Dojo exterior, 1981.
Dojo interior, 1981.
On August 8, 1980, Lau, then ranked 4-dan through Japan, resigned as the chief instructor of the Washington Aikikai, and since then he has received no additional dan gradings. On the other hand, he remained actively involved in teaching, training, and developing police defensive tactics.
Until the 1960s, policemen were taught to throw suspects to the ground by their hair or to choke them into submission using sleeper holds. If that didn’t work, then the policeman simply whacked the suspect alongside the head with a blackjack or nightstick. But with the civil rights movement of the 1950s and 1960s, such actions led to charges of police brutality. So, to avoid lawsuits, departments became interested in teaching uniformed officers different methods. In general, the new methods involved locks of fingers and wrists, or stick strikes aimed at shins and ankles.
While such changes resulted in fewer complaints about police brutality, Lau’s search for personal character development was not doing so well. Much of the reason was that his job had changed. No longer a uniformed officer, Lau now worked undercover in narcotics. "Working undercover," says Lau, "after awhile you forget who you are. Are you an undercover cop playing a drug addict, or a drug addict playing an undercover cop? The roles get all mixed up."
Seattle narcotics detective Lau, 1972. The name was that of a relative living in Hawaii. "When undercover, always use something close," says Lau. "That way you don’t accidentally forget it." (Lau didn't actually need methadone, but found having a card made it easier to convince drug dealers that he wasn't a cop.)
And, with his roles mixed up, Lau’s personal life began heading downhill fast, and this contributed to a divorce. That happens, says Lau, when you don’t talk to the other person much. Fortunately the split was reasonably amicable – Lau freely admits that the fault was at least half his -- and as a result he was able to keep his dojo.
But that wasn’t the worst of it. As Lau told Kregg Jorgenson in 1994: [EN5]
Then he proceeded to tell me about two elderly Chinese women who were robbed in their homes and murdered. He said the residents of Chinatown were afraid of the man whom they believed did it, and were fearful something worse could happen. He even offered me $25,000 to kill the man who he said was responsible. I was familiar with the name he gave me [Benjamin Ng], and the man was, in fact, a suspect in the murders, only we (the police) didn’t have enough to go on to make a case. There just wasn’t enough evidence.
I told him I would look into it, which I did. And the more I looked into it, the more I realized that maybe the old man was right. It was a gut-level feeling… That’s when I began considering taking the old man up on his offer, only it wasn’t just the idea of the money. I guess I became obsessed with it because I started following him around, studying his routine and habits. It must have been apparent because I was asked to see a psychologist and placed on sick leave. The psychologist thought it was stress related because of the fifteen years on the job, with the last nine years spent working undercover.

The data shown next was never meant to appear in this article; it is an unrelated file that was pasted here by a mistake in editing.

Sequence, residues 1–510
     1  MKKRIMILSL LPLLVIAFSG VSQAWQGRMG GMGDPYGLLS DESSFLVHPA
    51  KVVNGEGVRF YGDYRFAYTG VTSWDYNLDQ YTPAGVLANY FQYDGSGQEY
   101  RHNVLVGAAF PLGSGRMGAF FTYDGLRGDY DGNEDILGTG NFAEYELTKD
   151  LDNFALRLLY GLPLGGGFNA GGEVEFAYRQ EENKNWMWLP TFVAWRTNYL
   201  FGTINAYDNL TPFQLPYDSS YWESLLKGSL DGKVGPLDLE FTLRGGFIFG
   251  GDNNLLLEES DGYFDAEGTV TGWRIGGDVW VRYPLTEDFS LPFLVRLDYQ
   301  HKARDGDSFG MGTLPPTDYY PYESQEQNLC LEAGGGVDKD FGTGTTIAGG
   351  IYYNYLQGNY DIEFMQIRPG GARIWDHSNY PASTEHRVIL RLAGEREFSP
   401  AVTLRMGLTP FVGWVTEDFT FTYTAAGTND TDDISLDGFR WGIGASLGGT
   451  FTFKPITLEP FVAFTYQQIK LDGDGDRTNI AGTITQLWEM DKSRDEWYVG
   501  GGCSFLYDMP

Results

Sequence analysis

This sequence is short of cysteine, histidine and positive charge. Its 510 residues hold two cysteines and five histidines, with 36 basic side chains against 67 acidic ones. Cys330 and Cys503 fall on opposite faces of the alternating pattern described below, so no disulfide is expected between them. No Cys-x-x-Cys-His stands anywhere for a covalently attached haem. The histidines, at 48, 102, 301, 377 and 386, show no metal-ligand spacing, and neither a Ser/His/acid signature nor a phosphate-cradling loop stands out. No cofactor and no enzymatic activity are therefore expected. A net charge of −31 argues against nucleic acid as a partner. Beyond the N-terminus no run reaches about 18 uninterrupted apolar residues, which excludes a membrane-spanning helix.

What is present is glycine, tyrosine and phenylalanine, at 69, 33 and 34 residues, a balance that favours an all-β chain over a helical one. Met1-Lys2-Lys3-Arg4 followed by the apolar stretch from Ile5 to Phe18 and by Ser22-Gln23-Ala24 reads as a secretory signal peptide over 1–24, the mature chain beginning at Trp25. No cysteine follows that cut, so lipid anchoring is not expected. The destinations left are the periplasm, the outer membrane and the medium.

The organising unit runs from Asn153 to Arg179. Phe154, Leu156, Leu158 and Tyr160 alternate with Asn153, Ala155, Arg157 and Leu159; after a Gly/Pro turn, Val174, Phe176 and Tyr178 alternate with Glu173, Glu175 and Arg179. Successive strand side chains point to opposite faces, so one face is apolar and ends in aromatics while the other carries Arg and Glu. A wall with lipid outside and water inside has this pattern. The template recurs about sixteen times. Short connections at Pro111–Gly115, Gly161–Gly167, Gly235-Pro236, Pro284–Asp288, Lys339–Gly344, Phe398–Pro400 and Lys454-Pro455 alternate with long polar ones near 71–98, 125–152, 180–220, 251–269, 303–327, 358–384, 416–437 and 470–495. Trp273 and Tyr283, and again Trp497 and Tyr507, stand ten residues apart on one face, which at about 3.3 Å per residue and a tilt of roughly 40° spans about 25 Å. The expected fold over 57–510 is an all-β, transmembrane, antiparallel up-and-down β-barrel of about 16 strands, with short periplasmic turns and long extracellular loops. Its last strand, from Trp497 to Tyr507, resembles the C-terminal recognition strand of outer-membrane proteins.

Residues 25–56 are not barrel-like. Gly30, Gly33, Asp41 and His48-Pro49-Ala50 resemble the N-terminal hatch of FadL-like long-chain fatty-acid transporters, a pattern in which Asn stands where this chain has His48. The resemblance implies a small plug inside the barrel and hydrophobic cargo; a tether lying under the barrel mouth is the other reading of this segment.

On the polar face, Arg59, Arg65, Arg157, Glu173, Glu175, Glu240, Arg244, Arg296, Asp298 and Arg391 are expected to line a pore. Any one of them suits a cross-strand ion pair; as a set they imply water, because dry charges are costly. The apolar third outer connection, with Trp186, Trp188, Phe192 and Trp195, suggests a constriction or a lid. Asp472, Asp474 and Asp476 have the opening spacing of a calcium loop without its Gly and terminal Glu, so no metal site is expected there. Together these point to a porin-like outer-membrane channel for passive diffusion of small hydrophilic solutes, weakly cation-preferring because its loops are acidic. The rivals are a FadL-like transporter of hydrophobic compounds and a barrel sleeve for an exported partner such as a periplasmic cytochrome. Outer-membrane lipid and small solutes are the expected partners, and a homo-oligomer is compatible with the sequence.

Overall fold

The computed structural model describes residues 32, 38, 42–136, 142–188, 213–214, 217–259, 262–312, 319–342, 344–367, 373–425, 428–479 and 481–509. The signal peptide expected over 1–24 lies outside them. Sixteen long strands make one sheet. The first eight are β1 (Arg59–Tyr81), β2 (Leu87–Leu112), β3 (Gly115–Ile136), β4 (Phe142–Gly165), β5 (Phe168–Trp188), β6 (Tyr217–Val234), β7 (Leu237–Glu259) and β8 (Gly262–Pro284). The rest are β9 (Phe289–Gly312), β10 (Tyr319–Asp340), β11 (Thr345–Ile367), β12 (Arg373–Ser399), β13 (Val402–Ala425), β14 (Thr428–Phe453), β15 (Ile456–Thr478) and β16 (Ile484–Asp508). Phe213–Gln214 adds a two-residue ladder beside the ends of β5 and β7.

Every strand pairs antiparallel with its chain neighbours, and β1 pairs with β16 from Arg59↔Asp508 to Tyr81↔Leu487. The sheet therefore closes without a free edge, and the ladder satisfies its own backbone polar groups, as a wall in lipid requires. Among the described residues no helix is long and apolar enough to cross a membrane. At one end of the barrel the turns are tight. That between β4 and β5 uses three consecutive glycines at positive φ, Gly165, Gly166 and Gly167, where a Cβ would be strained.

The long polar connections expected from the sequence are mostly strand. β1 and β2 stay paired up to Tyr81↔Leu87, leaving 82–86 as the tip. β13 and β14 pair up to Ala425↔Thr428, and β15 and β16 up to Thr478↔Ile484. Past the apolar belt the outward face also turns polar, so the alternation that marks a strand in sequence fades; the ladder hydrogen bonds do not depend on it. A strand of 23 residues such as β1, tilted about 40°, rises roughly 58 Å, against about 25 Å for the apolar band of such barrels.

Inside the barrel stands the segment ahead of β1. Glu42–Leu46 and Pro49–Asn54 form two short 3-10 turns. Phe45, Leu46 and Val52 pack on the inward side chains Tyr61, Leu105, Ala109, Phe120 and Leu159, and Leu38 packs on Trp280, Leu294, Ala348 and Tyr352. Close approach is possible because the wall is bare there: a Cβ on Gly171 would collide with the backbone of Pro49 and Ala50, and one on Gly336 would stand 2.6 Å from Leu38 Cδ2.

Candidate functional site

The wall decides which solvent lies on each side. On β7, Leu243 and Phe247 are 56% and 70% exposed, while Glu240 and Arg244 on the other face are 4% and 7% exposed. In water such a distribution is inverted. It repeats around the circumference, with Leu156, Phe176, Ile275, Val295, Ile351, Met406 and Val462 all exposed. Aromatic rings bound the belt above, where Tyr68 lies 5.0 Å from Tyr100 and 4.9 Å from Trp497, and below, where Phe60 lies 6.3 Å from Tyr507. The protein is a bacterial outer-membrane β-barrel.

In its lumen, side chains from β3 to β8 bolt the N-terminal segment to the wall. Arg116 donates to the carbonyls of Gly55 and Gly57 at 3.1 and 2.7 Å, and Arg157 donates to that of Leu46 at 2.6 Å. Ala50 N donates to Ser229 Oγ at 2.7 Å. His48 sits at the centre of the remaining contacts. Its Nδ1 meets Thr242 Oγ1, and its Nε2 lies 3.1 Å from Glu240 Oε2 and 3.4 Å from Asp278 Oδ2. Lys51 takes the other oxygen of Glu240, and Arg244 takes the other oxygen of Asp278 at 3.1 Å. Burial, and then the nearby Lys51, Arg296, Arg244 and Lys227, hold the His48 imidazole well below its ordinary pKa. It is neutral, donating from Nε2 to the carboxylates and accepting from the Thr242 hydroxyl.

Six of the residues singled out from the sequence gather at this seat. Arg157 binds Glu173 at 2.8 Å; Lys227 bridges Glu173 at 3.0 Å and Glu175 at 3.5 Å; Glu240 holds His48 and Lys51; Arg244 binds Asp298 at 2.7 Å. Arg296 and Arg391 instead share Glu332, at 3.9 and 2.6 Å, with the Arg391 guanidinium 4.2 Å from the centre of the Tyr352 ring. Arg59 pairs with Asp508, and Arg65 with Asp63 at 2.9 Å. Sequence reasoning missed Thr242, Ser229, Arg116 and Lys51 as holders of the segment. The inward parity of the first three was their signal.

… It wasn’t long after that when I got a call asking me where I might find the suspect and a few of his buddies. The call was from one of our detectives in Chinatown, from a place called the Wah Mee Club, a back alley, private, after-hours, Chinese gambling club. The guy and two others had robbed the people who were there that night. Then they tied them up and went down the line shooting the gamblers in the head. They murdered thirteen men and women.
The next morning [February 20, 1983] I walked into the psychologist’s office and threw a newspaper down on his desk. He couldn’t miss the headlines because it was the largest mass murder in Seattle’s history.
In retirement, Lau was interested primarily in getting some balance back into his life. It took four or five years, but one day he realized that "Real life isn’t like the movies, and in spite of our best intentions, we can’t always change the way things happen."
In February 1987, Lau appeared with his student Neil Yamamoto on the cover of Black Belt. After seeing a copy, Lau’s friend Wally Jay telephoned to say, "How come you make da cover, brah? I never make da cover!" Lau replied, "All your pictures show you beating up the white guy. Mine shows it the other way around!"